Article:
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Valuing Enterprise Cash Flows

The integrated theory of business valuation provides a conceptual framework for disciplined analysis of valuation questions. Too often, valuation analysts are tempted to view individual components of a valuation assignment on a piecemeal basis. Adhering to the integrated theory helps valuation analysts develop base valuation conclusions, discounts, and premiums that are rooted in a shared perspective of the subject company and the subject ownership interest. In Part 1 of the series, Chris Mercer and Travis ...

The Size Effect: Should We Care?

I read the entire edition of Business Valuation Review (Volume 37, Issue 3, Fall 2018) focused on ‘‘the size effect.’’ I have the following ‘‘big picture’’ comments after considering all four articles together and title my letter: The Size Effect: Should We Care?

The Absence of a Size Effect: Letting Go Of The Size Premium

Many valuation practitioners believe that there is a size effect and add a size premium to their CAPM cost of equity. In this talk, Cliff Ang will demonstrate why the underlying premise behind the size effect no longer holds and discuss the academic literature and empirical evidence on the absence of a size effect. He then dives into the related issue, which is why valuation practitioners should let go of the size premium.

Which business characteristic guarantees a premium value?

Business valuation experts in the UK often find little benefit from the academic literature about portfolio and investment theory.

More concern about the validity of the size premium factor

Most business valuers consider a size premium when calculating cost of capital for financial reporting purposes.

Valuing Residential and Commercial Construction Companies

Cash flow seasonality, bid requirements, license particulars, economic forces, and ubiquitous litigation are all hallmarks of the residential and commercial construction industries and all unique factors when appraising a construction company. Join What it’s Worth guide author and expert Pasquale Rafanelli for a full inspection of residential and commercial construction company valuation issues from accounting methods to value drivers. Avoid the common valuation mistakes that appraisers make and learn to answer the one question on ...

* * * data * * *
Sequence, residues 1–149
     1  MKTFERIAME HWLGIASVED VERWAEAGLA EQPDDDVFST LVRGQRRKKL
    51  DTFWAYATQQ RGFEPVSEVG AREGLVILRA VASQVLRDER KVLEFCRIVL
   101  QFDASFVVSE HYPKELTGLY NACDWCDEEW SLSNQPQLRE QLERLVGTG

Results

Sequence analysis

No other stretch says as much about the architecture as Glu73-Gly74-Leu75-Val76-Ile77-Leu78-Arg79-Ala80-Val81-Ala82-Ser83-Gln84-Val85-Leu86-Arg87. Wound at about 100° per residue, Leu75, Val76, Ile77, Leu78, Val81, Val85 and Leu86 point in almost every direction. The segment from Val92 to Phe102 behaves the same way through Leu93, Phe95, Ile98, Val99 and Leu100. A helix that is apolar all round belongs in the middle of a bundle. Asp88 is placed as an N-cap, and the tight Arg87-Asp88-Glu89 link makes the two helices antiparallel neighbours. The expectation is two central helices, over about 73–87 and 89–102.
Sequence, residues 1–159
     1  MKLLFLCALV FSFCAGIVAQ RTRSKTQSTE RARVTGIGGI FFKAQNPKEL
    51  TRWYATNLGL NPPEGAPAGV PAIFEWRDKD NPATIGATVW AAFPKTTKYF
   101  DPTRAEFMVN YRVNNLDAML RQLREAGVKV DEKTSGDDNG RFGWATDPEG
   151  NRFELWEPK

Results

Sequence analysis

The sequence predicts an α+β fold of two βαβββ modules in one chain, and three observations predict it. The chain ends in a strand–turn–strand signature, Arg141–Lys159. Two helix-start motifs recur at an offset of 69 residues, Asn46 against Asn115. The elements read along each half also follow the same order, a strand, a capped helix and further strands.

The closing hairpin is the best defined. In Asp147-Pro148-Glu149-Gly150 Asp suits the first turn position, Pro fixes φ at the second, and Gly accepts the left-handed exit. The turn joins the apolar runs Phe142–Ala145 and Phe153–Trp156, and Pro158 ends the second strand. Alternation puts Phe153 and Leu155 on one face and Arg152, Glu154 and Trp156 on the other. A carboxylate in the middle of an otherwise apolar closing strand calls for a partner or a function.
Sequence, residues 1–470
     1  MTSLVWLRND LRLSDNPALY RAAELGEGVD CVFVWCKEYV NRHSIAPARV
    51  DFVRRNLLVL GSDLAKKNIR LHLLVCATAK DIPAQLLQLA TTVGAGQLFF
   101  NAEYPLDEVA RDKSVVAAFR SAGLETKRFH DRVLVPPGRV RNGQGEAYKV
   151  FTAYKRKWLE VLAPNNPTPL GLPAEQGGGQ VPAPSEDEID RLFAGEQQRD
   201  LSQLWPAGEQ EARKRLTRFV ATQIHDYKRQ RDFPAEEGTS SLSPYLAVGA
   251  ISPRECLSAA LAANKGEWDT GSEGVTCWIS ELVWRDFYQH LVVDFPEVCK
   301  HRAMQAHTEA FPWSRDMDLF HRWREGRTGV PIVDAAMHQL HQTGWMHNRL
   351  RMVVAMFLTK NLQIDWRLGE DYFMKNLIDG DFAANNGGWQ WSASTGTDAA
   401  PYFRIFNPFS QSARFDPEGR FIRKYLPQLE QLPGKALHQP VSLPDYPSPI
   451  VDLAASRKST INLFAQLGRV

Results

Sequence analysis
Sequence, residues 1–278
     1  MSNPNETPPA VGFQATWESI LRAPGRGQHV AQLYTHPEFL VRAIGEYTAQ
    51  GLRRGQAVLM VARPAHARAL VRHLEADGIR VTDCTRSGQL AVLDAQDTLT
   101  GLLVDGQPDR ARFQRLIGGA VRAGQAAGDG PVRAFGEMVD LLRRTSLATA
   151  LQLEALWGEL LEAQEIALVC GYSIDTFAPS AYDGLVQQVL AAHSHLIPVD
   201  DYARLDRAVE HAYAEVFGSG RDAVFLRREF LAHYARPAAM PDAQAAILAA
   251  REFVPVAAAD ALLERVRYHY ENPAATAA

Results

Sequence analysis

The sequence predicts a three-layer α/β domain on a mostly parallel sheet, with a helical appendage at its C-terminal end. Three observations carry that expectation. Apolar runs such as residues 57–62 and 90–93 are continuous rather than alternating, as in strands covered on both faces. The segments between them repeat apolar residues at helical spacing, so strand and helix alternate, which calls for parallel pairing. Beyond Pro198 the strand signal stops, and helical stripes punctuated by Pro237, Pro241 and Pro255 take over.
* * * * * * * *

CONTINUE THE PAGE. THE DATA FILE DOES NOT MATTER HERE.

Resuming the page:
Business Valuation OIV Journal Fall 2019

Business Valuation OIV Journal has been created by Organismo Italiano di Valutazione (OIV), the Italian Valuation Standard Setter, to provide a forum for discussion and to foster cultural progress in the field of business valuation. In this issue, articles include "Roundtable: 10 Big Issues in Business Valuation"; "The Limits of Accounting Rates of Return and the Calibration Trap in Applying Accounting-Based Models in Modern Business Valuation Practice"; and "Connecting Economic Value to Company Strategy: Critical Issues and New Perspectives."

Court Says Corrected DCF Still Supports Original Fair Value Determination

Responding to petitioners’ motion for reargument, court concedes and corrects errors in court’s original DCF analysis but finds corrected DCF model still corroborates the original fair value determination; court affirms its reliance on unaffected market price as fair value indicator.

In re Appraisal of Jarden Corp. (II)

Responding to petitioners’ motion for reargument, court concedes and corrects errors in court’s original DCF analysis but finds corrected DCF model still corroborates the original fair value determination; court affirms its reliance on unaffected market price as fair value indicator.

In re Appraisal of Jarden Corp. (I)

Court finds record shows unaffected market price is best evidence of fair value; court says company expert’s efficient market analysis and event study provide strong support for use of market price; court’s own DCF analysis generates value close to market price, thus corroborating market price.

Court of Chancery Rules Unaffected Market Price Is Best Evidence of Fair Value

Court finds record shows unaffected market price is best evidence of fair value; court says company expert’s efficient market analysis and event study provide strong support for use of market price; court’s own DCF analysis generates value close to market price, thus corroborating market price.

The Size Effect Continues To Be Relevant When Estimating the Cost of Capital